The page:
Immersing yourself in nature is the greatest part of camping with dogs in bear country. Playing in the woods, tackling epic hikes, and spotting some amazing wildlife together. While we all know that our pups particularly love some wildlife spotting, there are still a few animals you might hope you don’t bump into with your dog.
Depending on where you live, bear country can be difficult to avoid. Luckily, you don’t need to! Camping with dogs in bear country can be safe and easy, so long as you know how to keep your dog safe.
Planning A Camping Trip In Bear Country
The Safest Season To Camp In Bear Country
Spring’s warm weather makes it one of the best seasons for camping. Unfortunately, it also makes it one of the more dangerous times to find yourself in a bear country.
After their long hibernation through the winter, bears tend to be hungrier in the Spring as they emerge in search of food. Spring also means the arrival of cubs, with mother bears being especially aggressive this time of year.
Fall also means that bears will be active, trying to pack on those last few pounds before hibernation starts.
The safest time to camp in bear country is during the colder months, particularly peak winter. Most bears will be in hibernation during this time and the chances of an encounter drop dramatically.
However, it’s still strongly advised that winter campers follow basic bear deterrent practices. You never know!
Packing For Your Trip
Bear Bells For Dogs
Bear bells are highly debated pieces of outdoor equipment. The idea behind them is simple enough: you attach a bell to your backpack, and the noise of it ringing while you walk will warn any bears in the vicinity that you are nearby, sending them in the other direction.
But do bear bells really work? And are bear bells for dogs a good idea?
Bear bells, while popular, are not actually proven to deter bears. Their effectiveness relies on the bear both wanting to avoid humans (which is risky in an area where people may feed the wildlife) and having been exposed to a bell previously.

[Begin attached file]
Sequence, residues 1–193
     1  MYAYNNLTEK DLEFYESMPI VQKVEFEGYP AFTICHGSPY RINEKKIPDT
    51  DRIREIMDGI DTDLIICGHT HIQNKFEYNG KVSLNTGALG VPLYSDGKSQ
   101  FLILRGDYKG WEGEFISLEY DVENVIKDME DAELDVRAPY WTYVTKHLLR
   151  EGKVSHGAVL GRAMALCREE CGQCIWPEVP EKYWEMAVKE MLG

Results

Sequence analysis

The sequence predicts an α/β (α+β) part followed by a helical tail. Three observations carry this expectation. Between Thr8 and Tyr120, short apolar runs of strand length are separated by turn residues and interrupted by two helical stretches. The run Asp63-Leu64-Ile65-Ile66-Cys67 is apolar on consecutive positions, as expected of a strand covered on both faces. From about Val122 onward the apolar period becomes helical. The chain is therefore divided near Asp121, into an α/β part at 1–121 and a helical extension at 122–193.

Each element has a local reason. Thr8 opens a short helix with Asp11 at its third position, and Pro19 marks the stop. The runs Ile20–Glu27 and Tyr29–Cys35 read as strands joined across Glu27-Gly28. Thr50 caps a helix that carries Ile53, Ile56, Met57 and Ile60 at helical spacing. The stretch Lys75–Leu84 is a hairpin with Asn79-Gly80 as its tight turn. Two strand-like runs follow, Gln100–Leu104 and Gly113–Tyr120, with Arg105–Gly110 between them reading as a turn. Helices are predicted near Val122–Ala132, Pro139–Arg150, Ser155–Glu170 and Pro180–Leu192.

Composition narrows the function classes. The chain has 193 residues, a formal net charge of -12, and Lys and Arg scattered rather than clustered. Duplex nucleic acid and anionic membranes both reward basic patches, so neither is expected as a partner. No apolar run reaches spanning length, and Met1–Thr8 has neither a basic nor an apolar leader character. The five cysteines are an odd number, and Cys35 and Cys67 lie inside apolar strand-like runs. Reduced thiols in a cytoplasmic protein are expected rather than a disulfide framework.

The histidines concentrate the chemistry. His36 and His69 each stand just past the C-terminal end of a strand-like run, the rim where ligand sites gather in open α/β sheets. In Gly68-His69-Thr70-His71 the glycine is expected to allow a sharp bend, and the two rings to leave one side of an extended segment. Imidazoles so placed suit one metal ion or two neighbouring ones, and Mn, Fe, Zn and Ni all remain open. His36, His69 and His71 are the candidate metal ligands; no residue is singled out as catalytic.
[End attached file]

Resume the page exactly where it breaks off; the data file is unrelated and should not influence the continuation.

There are both pros and cons to fitting your dog with a bear bell. It’s an added layer of protection that they wouldn’t have had otherwise.
The negatives? Your dog won’t be able to rely on their hearing as much with a bell constantly ringing in their ear. This can actually put them at an increased risk of a bear or other predator sneaking up on them.
Avoid Scented Products
Your pooch might be disappointed, but this is one trip where it’s better to leave that beef and bacon-scented chew toy at home.
As you’ve probably pieced together by now, scented items are a big no-no while camping in bear country. Any scented items that do somehow end up in the gear bag (think perfumes, scented trash bags, cleaning wipes) should be reshuffled and stored securely with your food supplies.
How To Avoid Bears While Camping With Your Dog
How to Store Dog Food Safely in Bear Country
The simplest way to keep your dog safe around bears is to store your food correctly. Generally, bears are very unlikely to enter a campsite without reason. The only thing that will really drive them to do so is the possibility of an easy snack.
To avoid tempting any bears, all food should be stored in airtight bear canisters. This includes dog food and bowls!
Some campsites may allow you to store food in your car, but this should be a last resort. Bears have strong noses and a car window won’t do much to deter them once they pick up a scent.
Set up your cooking and food storage areas at a significant distance from your tent. If any bears do wander over, they’ll head straight for that section of the campsite and will hopefully leave you alone.
Before heading off on your trip, check whether your campsite has any guidelines surrounding food storage. Many national parks have very specific rules to protect the safety of all campers.
Disposing Of Doggy Bags
As any dog owner knows, doggy bags have a particularly strong scent. When camping in bear company, avoid burying any dog poops near the campground. Not only does burying dog poop go against ‘leave no trace’ principles, but it can also attract bears.